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Andrew Jon Holland, M.A., Ph.D.

Photo of Dr. Andrew Jon Holland, M.A., Ph.D.
  • Associate Professor of Molecular Biology and Genetics

Research Interests

Cell cycle control; Genome instability; Chromosome segregation.

Background

Dr. Andrew J. Holland is an assistant professor of molecular biology and genetics at the Johns Hopkins University School of Medicine and holds a secondary appointment in Oncology. Dr. Holland's research focuses on the molecular mechanisms that control accurate chromosome distribution and the role of cell division errors in human health and disease.

Dr. Holland received his undergraduate degree from the University of Cambridge, UK. He earned both his Ph.D. and Masters in Research at the University of Manchester, UK. He completed a postdoctoral fellowship at the Ludwig Institute for Cancer Research at the University of California, San Diego. Dr. Holland joined the Hopkins faculty in 2013.

Dr. Holland is a member of the American Society for Cell Biology, the American Association for Cancer Research, and American Association for the Advancement of Science. In 2014 he was selected as a Kimmel Scholar and a Pew-Stewart Scholar. His work recognized in 2016 with the R.R. Bensley Award in Cell biology by the American Association of Anatomists.

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Titles

  • Associate Professor of Molecular Biology and Genetics
  • Associate Professor of Oncology

Departments / Divisions

Centers & Institutes

Education

Degrees

  • Ph.D., University of Manchester (United Kingdom) (2006)
  • M.A., University of Cambridge (United Kingdom) (2002)

Additional Training

Ludwig Institute for Cancer Research, San Diego, CA, 2013

Research & Publications

Research Summary

Cell division is a fundamental process forming the basis for life itself. Each time a cell divides, it makes a complete copy of its entire genome and segregates this genome such that both daughter cells receive all the genetic information required for further growth and development.

Errors in the distribution of chromosomes during mitosis lead to the production of cells with an abnormal chromosome content, which in early development lead to lethal growth defects and may later contribute to the development of cancer.

The Holland Lab is interested in the molecular mechanisms that control accurate chromosome distribution and the role that mitotic errors play in human health and disease.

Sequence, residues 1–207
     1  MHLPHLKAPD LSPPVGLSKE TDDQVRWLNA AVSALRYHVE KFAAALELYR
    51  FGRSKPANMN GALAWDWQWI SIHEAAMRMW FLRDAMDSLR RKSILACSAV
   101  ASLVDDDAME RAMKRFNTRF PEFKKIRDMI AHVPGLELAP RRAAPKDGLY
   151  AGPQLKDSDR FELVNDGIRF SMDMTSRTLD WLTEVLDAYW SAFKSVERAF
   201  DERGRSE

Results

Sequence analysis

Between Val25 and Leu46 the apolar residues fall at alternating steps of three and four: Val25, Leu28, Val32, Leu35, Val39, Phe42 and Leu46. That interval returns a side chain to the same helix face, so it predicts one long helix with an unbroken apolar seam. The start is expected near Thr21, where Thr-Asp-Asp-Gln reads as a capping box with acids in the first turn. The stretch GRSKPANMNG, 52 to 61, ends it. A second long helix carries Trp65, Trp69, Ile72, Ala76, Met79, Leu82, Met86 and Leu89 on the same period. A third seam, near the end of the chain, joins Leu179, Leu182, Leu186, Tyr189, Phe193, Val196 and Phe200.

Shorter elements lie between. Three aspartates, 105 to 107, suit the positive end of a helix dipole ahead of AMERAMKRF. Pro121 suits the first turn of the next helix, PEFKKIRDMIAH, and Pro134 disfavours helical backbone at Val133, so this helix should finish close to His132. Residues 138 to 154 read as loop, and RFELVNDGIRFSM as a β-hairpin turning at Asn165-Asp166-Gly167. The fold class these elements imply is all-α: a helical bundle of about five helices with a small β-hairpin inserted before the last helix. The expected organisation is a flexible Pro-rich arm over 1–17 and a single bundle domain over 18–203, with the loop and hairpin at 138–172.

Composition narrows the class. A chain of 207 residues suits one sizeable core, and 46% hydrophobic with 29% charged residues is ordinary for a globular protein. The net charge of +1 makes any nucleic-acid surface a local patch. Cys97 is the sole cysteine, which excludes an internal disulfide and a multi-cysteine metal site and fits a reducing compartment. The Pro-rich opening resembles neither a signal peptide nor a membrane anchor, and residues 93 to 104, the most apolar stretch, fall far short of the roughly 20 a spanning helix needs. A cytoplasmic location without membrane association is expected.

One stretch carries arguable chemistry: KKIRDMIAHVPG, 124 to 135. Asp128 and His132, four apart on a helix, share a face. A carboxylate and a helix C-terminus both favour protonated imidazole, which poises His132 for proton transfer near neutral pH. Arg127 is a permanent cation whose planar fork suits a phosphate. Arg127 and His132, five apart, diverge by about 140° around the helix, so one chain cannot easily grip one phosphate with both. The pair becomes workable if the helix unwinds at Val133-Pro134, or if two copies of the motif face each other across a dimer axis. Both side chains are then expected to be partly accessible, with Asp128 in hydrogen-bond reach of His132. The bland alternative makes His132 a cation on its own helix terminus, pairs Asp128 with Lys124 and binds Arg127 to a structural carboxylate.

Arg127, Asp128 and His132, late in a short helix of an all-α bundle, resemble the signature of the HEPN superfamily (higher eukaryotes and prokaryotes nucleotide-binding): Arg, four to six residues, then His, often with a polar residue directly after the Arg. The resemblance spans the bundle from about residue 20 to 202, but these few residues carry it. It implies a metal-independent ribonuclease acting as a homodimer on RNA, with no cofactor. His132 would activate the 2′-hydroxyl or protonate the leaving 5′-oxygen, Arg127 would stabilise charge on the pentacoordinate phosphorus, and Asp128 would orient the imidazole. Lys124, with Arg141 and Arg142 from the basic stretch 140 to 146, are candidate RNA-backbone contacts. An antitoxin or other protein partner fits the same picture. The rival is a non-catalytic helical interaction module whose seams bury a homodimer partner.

The lab utilizes a combination of chemical biology, biochemistry, cell biology and genetically engineered mice to study pathways involved in mitosis and their effect on cell and organism physiology.

A major focus of the group is to develop cell and animal-based models to study the role of cell division defects in genome instability and tumorigenesis.

Lab Website: Holland Lab

Selected Publications

View all on Pubmed

Targeting TRIM37-driven centrosome dysfunction in 17q23-amplified breast cancer. Yeow, Z.Y.*, Lambrus, B.G.*, Marlow, R., Zhan, K.H., Durin, M., Evans, L.T., Scott, P.M., Phan, T., Park, E., Ruiz, L.A., Moralli, D., Knight, E.G., Badder, L.M., Novo, D., Haider, S., Green, C.M., Tutt, A.N.J., Lord, C.J., Chapman, J.R.*, Holland, A.J.*. Nature. In Press. (2020)

WBP11 is required for splicing the TUBGCP6 pre-mRNA to promote centriole duplication. Park, E., Scott, P.M., Clutario, K.M., Cassidy, K.B., Zhan, K., Gerber and Holland, A.J. Journal of Cell Biology 219(1). (2019).

Massive centriole production can occur in the absence of deuterosomes in multiciliated cells. Mercey, O.*, Levine, M.S.*, LoMastro, G., Rostaing, P., Brotslaw, E., Gomez, V., Kumar, A., Spassky, N., Mitchell, B.J., Meunier, A.* and Holland, A.J.* Nature Cell Biology 21: 1544-52. (2019).

PLK4 promotes centriole duplication by phosphorylating STIL to link the procentriole to the microtubule wall. Moyer, T.C. and Holland, A.J. eLIFE 8: e46054. (2019).

Once and only once: mechanisms of centriole duplication and their deregulation in disease. Nigg, E.A., Holland, A.J. Nature Reviews Molecular Cell Biology 19(5): 297-312. (2018).

Centrosome amplification is sufficient to promote spontaneous tumorigenesis in mammals. Levine, M.S., Bakker, B., Boeckx, B., Moyett, J., Lu, J., Vitre, B., Spierings, D.C., Lansdorp, P.M., Cleveland, D.W., Lambrechts, D., Foijer, F. and Holland, A.J. Developmental Cell 40(3): 313-22. (2017).

A USP28-53BP1-p53-p21 signaling axis arrests growth following centrosome loss or prolonged mitosis. Lambrus, B.G., Daggubati, V., Uetake, Y., Scott, P.M., Clutario, K.M., Sluder, G., Holland, A.J. Journal of Cell Biology 214:143-153. (2016).

Academic Affiliations & Courses

Graduate Program Affiliation

Biochemistry, Cellular and Molecular Biology Graduate Program

Activities & Honors

Honors

  • Johns Hopkins Catalyst Award, 2016
  • R.R. Bensley Award in Cell Biology, American Association of Anatomists, 2015
  • Johns Hopkins Discovery Innovation Award, 2015
  • Pew-Stewart Scholar for Cancer Research, 2014
  • Kimmel Scholar, 2014
  • Leukemia and Lymphoma Society senior fellowship, 2011 - 2014
  • Basil O'Connor Starter Scholar Award, March of Dimes, 2014
  • Basil O'Connor Starter Research Award, March of Dimes, 2013
  • EMBO long-term fellowship, 2007 - 2009

Memberships

  • American Association for Cancer Research, 2009
  • American Association for the Advancement of Science, 2013
  • American Society for Cell Biology, 2005
  • American Society for Cell Biology, 2012
    Membership Committee

Professional Activities

  • Associate Chair, Gordon Research Seminar on Cell Growth and Proliferation, 2011

Videos & Media

TomorrowsDiscoveries: When Cell Division Goes Wrong—Dr. Andrew Holland

Lectures and Presentations

  • Inside the Cell
    PhD Course, Portugal (01/01/2011)
    Gulbenkian Science Institute

Recent News Articles and Media Coverage

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